4. Lisa says:

    You hit the nail on the the head when you talked about impermanence going both ways – nothing is immune to change. We don’t want to think about it when things are happy because we want the good times to last forever. Remembering that change will eventually come also helps you to roll with it when it does. Excellent post!

  5. Everything is temporary = what a challenging thought!

    When you wrote about the Tibetan monks and the mandala, I wanted to share my blog post with you: http://communicationtransformationblog.com/passion/how-committed-are-you-to-your-message/

    The monks came to my very small town in suburban Chicago and I was amazed at the work they did and how they knew all along they were going to destroy it and dump most of the sand into the river. Really amazing perspective.

  6. fuck yes. i so get this.

    after the flood back in 2004 destroyed my place i had lots of folks helping me drag sewer water soaked things to the garbage pile…garbage heap…massive area where all of my stuff was going to wait to be hauled away. couch, tv, stereo, clothing, hundreds of dollars worth of dog toys & items, crock pot & kitchen stuff, bedding…just about anything you could think of. my friends and family kept asking if i was ok. truth was that yes, i was ok. when they asked how i was doing it the only thing that flew out of my mouth was “it is just stuff. my dogs are ok, i am ok. everything else is just stuff.”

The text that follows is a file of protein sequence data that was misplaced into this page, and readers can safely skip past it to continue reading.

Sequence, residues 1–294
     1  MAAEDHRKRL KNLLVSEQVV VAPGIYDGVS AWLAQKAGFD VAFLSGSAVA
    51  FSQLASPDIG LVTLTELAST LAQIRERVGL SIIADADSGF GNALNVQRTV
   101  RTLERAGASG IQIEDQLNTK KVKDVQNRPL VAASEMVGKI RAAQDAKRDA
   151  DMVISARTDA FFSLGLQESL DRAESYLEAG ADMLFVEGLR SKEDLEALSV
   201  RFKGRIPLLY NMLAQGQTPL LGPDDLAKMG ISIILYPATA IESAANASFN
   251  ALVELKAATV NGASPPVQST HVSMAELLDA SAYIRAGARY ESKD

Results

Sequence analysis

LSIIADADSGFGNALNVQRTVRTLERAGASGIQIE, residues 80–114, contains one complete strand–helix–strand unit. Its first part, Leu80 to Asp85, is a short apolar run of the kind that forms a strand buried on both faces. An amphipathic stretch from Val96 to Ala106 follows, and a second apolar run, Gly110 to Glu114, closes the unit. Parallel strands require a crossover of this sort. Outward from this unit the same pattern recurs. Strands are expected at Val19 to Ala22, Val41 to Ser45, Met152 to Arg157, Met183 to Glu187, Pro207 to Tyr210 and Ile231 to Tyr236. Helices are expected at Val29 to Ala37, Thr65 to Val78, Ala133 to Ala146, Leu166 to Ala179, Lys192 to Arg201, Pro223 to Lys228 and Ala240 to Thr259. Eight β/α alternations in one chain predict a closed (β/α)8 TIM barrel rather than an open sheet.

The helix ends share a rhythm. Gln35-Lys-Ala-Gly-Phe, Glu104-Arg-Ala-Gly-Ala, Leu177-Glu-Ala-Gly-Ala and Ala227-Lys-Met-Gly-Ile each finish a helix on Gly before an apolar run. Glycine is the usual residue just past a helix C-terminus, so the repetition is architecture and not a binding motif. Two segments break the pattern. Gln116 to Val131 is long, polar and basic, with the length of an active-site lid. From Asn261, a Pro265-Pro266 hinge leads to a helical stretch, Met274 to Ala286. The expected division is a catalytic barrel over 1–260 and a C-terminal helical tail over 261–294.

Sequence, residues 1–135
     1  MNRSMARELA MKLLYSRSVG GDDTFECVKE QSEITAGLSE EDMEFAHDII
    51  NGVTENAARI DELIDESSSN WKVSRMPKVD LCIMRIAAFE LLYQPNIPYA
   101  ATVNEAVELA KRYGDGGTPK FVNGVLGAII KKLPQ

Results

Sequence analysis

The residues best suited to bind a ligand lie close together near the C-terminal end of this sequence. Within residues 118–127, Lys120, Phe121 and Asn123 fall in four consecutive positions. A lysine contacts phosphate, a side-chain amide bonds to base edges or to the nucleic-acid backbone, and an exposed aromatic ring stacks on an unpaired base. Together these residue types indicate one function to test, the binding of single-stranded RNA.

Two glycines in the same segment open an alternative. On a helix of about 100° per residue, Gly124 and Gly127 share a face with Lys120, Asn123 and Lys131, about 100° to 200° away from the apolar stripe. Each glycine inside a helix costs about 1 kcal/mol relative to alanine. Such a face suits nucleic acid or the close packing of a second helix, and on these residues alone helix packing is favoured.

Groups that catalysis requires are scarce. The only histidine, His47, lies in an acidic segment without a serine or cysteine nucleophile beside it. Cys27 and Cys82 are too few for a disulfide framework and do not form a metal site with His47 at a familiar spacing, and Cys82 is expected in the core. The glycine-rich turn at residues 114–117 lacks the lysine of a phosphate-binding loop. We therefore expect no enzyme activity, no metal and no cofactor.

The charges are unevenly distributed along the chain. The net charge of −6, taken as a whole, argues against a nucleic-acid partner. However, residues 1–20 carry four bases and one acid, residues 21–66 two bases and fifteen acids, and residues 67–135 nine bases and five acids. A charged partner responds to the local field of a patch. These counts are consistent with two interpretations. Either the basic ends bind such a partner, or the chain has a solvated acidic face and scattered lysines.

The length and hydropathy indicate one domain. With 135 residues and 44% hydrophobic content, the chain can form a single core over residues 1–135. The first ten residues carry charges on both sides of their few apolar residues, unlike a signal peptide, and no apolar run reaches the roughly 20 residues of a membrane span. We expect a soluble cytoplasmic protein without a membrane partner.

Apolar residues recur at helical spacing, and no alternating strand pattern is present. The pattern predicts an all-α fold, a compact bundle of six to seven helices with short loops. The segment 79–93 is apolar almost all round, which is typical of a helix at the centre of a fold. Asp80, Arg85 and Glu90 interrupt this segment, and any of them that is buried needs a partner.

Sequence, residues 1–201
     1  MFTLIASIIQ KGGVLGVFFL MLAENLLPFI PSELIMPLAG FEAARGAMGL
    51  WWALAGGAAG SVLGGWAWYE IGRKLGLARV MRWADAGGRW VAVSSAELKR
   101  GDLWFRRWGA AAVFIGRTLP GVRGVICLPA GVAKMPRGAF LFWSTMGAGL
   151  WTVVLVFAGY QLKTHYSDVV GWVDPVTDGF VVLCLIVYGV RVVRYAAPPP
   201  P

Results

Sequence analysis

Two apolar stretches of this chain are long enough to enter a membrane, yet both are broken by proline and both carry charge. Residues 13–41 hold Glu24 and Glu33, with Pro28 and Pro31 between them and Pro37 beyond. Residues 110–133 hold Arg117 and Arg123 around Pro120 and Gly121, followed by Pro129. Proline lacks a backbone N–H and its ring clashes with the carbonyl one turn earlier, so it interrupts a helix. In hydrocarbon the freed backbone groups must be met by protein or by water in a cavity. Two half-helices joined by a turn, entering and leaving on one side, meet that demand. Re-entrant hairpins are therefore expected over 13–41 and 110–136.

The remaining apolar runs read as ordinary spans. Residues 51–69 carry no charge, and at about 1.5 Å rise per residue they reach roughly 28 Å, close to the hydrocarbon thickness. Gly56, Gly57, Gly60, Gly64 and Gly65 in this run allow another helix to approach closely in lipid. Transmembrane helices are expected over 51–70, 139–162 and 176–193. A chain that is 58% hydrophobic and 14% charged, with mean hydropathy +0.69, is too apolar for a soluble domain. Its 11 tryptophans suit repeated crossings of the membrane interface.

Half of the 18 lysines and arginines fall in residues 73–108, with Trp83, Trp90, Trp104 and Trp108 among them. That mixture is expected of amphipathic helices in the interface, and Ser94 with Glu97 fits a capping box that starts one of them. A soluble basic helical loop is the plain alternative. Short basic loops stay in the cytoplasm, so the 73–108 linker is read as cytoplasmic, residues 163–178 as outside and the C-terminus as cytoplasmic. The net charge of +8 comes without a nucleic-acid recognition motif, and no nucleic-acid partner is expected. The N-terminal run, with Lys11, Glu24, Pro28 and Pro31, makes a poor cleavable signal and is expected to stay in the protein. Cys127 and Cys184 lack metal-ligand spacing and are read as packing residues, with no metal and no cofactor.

my mudder took me to see monks make a sand mandala when i was in my late teens / early twenties. i really, really wish you could have met my mom. she would have loved you.

  7. Mo says:

    Do you know how much relief I just got reading this? I know it sounds stupid, I’ve been struggling with the whole “what do I want to be when I grow up” thing and for whatever reason I’ve put so much pressure on myself to know that NOW.

  8. The thought of What I Want to Do for the Rest of My Life has been weighing me down a lot lately. I’ve started trying to focus on what makes me happy now. Your blog has had a lot to do with that; I’ve always loved your blog, but it’s such an inspiring read these days! Go, Britt, go!

  9. Connie says:

    Wow, Rusty sure gets it! Actually, when I did my meditation retreat in India last year, the teaching was pretty much the same. I left the retreat with a profound sense of peace and calm. Unfortunately, that feeling didn’t stay with me. It’s hard to remember that when life takes hold but I think this post and Rusty’s attitude is supposed to serve as a reminder that we can take it easy and still lead very fulfilling and happy lives. Thank you so much for this post! It’s exactly what I needed!

  10. Lisa Adams says:

    So funny… as soon as you started talking about temporary, I thought of the mandalas– and then that’s what he said! I’ve seen them made, marched to a river, and poured in. It’s amazing. Thanks for this post.

  11. racheal says:

    “I only have to worry about what makes me happy right now.”

    FUCK. YES. (!!!)

  12. Sunny says:

    I hardly ever comment on your posts but this one deserved me to delurk. This is really, really good. I can’t really elaborate without feeling the need to write a book, but THANK YOU from the bottom of my heart. Maybe I’ll post about it myself.

  13. Mandi Bone says:

    YES!!!! YES!!!! YES!!!!
    I am bogged down with if I chose this then I am stuck with it forever but I am won’t be.

  14. Toni Powell says:

    Wow, wonderful. This should be posted out to everyone once a month or something! It does put things back in perspective so well. Thank you.

  15. [...] I also try to remind myself that this is probably the best answer I have for right now. I strive to embrace the freedom of temporary. [...]